Pete Rose wants inclusion on Hall of Fame ballots

Baseball's all-time hits leader Pete Rose asked the National Baseball Hall of Fame to reconsider a rule that blocks his chances of enshrinement, according to a letter obtained by Yahoo! Sports.

Rose received a lifetime ban from commissioner Bart Giamatti for betting on baseball in 1989. Rose believes that has been kept off the Hall of Fame ballot unjustly.

A rule barring permanently ineligible players from enshrinement in the Hall has been in place since 1991.

Last December, Major League Baseball commissioner Rob Manfred decided not to lift Rose’s lifetime ban from baseball.

“It is not part of my authority of responsibility here to make any determination concerning Mr. Rose’s eligibility as a candidate for election to the National Baseball Hall of Fame. In fact, in my view, the considerations that should drive a decision on whether an individual should be allowed to work in Baseball are not the same as those that should drive a decision on Hall of Fame eligibility,” Manfred said in his decision.

But Rose's attorney agrees with Manfred, maintaining a banishment from baseball has nothing to do with the Hall of Fame and its induction process.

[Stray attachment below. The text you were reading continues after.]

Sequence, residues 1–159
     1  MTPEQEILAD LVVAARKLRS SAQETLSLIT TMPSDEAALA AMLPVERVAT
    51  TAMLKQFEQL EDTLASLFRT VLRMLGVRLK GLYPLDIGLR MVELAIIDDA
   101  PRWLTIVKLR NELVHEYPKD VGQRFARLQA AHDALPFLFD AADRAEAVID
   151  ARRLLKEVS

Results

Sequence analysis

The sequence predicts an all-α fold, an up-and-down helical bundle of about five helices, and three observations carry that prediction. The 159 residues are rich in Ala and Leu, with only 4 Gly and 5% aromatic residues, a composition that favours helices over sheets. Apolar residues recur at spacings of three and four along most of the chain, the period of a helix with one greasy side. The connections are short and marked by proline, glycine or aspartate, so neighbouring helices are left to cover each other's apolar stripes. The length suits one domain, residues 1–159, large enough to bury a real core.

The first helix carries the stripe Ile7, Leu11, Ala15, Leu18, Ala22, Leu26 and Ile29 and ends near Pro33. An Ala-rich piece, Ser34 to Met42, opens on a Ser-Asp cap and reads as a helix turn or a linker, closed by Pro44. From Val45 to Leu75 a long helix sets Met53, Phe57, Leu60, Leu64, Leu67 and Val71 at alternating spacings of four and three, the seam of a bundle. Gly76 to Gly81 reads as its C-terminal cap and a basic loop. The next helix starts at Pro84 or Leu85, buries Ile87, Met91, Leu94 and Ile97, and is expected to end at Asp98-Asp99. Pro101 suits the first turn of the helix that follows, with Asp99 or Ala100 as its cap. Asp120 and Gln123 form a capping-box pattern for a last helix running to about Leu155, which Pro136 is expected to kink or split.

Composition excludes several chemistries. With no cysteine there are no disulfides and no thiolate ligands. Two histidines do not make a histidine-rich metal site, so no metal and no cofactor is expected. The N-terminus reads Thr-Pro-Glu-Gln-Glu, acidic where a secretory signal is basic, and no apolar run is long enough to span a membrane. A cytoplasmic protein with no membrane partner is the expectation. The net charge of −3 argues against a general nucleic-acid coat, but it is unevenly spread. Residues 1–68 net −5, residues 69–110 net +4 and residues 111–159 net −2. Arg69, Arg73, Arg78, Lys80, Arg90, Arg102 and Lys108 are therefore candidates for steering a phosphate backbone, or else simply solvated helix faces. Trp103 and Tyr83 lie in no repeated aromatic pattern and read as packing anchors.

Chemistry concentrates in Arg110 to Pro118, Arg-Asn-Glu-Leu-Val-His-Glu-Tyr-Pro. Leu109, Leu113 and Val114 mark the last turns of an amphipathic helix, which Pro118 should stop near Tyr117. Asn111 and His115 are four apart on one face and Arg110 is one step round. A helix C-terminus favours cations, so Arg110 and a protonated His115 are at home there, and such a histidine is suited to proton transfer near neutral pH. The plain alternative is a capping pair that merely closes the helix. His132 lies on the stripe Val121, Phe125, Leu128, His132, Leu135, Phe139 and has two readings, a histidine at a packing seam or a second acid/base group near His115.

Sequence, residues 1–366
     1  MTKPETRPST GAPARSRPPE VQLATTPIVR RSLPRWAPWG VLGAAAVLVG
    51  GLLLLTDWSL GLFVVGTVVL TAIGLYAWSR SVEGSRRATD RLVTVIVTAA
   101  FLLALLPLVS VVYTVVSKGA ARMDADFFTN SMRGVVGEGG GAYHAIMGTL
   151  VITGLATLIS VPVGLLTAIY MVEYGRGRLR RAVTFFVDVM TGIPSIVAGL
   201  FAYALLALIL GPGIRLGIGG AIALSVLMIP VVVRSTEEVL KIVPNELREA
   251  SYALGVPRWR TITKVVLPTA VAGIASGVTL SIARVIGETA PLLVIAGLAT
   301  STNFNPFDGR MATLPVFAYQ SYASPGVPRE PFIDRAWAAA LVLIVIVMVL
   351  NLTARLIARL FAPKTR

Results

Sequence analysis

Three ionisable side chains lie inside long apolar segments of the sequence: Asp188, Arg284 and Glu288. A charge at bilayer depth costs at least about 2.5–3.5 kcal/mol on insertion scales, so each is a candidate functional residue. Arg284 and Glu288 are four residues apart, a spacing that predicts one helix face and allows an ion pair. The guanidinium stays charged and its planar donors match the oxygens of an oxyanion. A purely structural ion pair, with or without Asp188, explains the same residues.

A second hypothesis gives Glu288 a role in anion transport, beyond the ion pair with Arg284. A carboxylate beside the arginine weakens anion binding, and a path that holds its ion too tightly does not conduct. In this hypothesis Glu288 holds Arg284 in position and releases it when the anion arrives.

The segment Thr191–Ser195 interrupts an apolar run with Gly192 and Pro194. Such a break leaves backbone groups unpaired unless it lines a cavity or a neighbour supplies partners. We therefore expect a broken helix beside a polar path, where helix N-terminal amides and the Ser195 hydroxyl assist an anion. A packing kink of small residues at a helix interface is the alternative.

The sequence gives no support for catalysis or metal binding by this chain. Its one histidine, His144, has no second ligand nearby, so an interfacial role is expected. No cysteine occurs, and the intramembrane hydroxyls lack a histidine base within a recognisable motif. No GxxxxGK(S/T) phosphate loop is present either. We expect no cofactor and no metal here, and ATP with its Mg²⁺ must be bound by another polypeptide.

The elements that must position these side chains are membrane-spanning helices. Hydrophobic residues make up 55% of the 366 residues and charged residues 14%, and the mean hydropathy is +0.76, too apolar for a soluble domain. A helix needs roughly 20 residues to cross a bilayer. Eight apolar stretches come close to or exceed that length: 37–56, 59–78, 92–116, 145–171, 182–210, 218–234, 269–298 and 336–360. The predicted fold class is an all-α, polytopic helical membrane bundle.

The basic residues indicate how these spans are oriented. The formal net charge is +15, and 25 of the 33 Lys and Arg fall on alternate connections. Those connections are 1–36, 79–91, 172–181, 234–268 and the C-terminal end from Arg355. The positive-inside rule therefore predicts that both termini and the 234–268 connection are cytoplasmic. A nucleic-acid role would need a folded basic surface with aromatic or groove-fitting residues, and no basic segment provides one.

“At the time Pete agreed to the settlement, the consequences of being placed on the ineligible list were clear and specific – and did not include a Hall of Fame prohibition,” a letter written by Rose's lawyers said.

“No one associated with the game other than Pete has ever been categorically denied eligibility from day one after the conclusion of his career for actions having nothing to do with the way they played baseball,” the letter adds, commenting on the case of Shoeless Joe Jackson, who was banned from the game in 1921, but still appeared on Hall of Fame ballots.

Rose, 75, is also baseball's all-time leader in at-bats, plate appearances and games played.

Scooby Axson

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